Ian Readhead, Deputy Chief Constable of Hampshire Police, interviewed for the BBC One Politics Show, has warned about the consequences of CCTV cameras and the retention of DNA evidence.
Is it hard to smile for these cameras?
Mr Readhead says that CCTV cameras in Stockbridge, in his county, Hampshire, had little benefit: "I'm struggling with seeing the deployment of cameras in our local villages as being a benefit to policing.
"I understand why the local public say this is what we want, but I'm really concerned with what happens to the product of these cameras... and what comes next?
"If it's in our villages," he says, "are we really moving towards an Orwellian situation with cameras on every street corner? I really don't think that's the kind of country that I want to live in."
On the retention of DNA evidence he says: "My concern is this - we are in a society at the moment where the police have the power that if they arrest a 15-year-old for a recordable offence we can retain their DNA and their finger prints."
But would this information be retained for life?
Do you know how much you are watched every day?
"For life," he continues. "Unless the exceptional case can be made which could show that we shouldn't go down that route, for example, that no crime was actually committed.
"Now my real worry is this - 15 years from now we are still holding that DNA and that arrest information - should we be doing that?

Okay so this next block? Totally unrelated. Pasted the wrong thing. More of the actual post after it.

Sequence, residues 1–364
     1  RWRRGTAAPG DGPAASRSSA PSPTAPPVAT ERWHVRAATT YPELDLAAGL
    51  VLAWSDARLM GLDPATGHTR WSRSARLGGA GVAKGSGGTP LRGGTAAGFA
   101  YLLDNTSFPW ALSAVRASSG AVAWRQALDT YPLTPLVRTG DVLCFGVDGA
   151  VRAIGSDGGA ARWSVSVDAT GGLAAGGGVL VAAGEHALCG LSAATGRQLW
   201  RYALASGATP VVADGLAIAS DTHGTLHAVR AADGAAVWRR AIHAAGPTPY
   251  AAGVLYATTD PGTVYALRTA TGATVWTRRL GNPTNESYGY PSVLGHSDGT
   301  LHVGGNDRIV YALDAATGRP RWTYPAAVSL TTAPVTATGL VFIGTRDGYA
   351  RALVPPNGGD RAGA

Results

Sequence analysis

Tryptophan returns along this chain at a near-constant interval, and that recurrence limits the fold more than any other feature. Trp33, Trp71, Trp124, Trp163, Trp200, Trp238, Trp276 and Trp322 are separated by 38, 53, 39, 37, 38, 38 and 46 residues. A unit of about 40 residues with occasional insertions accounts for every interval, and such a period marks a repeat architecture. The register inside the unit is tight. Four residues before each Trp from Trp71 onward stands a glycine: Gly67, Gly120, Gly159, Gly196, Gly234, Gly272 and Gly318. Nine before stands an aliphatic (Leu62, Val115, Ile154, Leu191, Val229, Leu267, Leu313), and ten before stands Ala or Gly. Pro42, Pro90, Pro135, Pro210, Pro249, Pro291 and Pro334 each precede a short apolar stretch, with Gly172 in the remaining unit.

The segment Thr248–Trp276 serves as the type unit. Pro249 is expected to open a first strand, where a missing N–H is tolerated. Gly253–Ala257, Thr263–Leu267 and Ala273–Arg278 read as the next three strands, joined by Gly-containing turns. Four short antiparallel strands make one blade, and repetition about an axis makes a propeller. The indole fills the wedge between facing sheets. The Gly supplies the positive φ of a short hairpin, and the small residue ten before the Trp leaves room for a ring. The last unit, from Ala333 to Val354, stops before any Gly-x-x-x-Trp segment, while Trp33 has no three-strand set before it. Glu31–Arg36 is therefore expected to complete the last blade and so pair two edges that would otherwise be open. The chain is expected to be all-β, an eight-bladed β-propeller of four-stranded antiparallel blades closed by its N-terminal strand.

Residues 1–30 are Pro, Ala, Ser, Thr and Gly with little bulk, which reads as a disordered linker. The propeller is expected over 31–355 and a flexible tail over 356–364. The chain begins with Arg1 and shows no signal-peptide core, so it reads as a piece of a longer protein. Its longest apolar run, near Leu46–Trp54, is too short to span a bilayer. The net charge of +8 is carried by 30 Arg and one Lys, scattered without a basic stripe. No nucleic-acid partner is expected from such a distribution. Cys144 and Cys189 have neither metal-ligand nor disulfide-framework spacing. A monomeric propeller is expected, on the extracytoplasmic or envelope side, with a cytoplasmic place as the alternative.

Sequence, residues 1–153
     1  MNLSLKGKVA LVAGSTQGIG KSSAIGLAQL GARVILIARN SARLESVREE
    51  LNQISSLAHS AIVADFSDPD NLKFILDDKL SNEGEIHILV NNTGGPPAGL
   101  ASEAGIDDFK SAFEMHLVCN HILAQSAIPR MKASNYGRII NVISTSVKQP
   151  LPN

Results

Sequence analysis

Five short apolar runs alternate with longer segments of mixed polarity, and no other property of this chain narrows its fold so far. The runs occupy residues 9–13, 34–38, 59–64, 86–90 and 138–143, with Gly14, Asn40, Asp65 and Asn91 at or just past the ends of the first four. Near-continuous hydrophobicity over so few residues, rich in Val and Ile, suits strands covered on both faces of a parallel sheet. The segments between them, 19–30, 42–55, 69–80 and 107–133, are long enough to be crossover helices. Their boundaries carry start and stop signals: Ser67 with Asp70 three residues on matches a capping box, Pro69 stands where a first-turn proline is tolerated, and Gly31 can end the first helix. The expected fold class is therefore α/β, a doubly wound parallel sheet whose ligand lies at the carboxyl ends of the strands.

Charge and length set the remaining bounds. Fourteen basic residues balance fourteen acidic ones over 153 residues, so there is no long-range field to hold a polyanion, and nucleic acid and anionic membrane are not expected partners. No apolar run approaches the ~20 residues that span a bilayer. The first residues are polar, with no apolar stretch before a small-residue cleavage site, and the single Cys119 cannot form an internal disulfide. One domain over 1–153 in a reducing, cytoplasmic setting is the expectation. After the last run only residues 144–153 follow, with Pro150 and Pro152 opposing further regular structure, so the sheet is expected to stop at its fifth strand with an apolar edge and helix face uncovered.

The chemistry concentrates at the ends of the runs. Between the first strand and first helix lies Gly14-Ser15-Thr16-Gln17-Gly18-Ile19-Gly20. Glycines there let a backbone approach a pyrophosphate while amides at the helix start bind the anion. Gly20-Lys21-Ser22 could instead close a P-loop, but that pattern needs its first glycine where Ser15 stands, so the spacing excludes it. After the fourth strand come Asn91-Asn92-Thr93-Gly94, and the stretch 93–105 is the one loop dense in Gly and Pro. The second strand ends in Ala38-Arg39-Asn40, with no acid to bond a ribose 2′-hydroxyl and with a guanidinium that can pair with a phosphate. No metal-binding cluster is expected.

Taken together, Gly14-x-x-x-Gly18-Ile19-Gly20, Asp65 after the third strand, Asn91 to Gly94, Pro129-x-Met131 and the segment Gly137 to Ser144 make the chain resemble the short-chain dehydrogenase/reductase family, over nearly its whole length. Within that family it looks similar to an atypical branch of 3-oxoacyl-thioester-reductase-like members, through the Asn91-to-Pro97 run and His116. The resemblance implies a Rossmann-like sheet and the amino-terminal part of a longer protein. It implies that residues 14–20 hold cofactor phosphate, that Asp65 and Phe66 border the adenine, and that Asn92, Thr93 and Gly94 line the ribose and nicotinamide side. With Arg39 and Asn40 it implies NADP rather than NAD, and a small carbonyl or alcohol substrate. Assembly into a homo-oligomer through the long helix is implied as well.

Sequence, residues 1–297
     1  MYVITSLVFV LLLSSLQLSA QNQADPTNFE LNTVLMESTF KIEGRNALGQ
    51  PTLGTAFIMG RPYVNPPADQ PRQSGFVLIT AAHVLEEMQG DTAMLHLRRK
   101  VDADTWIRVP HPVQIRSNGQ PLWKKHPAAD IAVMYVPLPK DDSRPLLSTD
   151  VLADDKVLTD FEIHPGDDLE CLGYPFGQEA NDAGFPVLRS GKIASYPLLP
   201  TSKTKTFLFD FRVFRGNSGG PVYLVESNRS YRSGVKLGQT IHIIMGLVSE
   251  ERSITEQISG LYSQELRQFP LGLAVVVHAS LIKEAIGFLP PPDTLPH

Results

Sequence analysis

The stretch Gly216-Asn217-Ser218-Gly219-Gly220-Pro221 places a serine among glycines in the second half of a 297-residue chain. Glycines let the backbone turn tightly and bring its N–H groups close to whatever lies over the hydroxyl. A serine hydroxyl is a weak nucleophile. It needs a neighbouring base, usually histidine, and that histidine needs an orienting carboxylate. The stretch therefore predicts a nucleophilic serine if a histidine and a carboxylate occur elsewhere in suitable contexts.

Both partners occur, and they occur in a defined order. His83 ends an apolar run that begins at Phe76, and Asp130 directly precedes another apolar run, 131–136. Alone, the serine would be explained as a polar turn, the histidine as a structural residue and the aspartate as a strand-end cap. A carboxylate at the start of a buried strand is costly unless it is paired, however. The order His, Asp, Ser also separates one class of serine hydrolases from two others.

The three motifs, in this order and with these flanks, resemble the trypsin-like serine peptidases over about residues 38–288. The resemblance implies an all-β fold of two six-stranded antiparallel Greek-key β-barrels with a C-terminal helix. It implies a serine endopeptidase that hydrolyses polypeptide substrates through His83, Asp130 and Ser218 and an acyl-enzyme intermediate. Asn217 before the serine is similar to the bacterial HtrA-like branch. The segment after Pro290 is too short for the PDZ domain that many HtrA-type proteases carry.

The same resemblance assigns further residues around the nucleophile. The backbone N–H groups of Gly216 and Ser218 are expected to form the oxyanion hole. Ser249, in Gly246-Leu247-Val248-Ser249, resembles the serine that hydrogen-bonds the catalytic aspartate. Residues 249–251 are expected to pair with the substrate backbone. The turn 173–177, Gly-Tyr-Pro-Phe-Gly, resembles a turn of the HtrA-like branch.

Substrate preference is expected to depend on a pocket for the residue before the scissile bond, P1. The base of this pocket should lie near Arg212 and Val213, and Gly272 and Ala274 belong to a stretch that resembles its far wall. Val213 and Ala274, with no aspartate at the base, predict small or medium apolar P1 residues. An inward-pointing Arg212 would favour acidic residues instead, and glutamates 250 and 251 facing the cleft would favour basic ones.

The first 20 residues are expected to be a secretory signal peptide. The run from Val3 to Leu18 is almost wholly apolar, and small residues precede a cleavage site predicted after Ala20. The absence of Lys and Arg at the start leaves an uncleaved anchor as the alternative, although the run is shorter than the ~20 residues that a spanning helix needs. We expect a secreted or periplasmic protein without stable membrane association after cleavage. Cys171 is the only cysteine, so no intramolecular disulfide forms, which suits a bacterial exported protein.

"Is it right that that may impede that person - who's never been arrested again - from getting a job?
"I'm not sure that sits comfortably with me¿ I don't think the police should be the ones who regulate it and the telling point is - just how powerful do you want your police to be?"
Where does it end?
Richard Thomas, the Information Commissioner, also interviewed in the programme, says:
"Do we want micro CCTV cameras hidden in lamp posts - do we want microphones associated with those do we want overhead drones circling over head recording what peoples activities are?
"Do we want RFID chips embedded in people's cloths so that every time we go into a shop people know who we are, they know what our shopping preferences are, then we ask some really searching questions about profiling now we know that the commercial sector know from our habits they know what sort of books we like to read what holidays we like to take.
"Do we want the same approach to be taken by social services, by education, by the police..? I think again there are some really important questions to be asked there."
The Politics Show Sunday 20 May 2007 at 12:00 BST on BBC One.